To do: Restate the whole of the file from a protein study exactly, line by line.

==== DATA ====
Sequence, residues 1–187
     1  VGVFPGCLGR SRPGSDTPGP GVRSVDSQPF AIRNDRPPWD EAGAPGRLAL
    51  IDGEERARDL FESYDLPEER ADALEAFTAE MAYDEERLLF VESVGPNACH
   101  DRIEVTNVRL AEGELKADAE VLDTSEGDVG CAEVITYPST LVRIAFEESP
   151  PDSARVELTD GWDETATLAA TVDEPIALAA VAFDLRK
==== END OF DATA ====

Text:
Sequence, residues 1–187
     1  VGVFPGCLGR SRPGSDTPGP GVRSVDSQPF AIRNDRPPWD EAGAPGRLAL
    51  IDGEERARDL FESYDLPEER ADALEAFTAE MAYDEERLLF VESVGPNACH
   101  DRIEVTNVRL AEGELKADAE VLDTSEGDVG CAEVITYPST LVRIAFEESP
   151  PDSARVELTD GWDETATLAA TVDEPIALAA VAFDLRK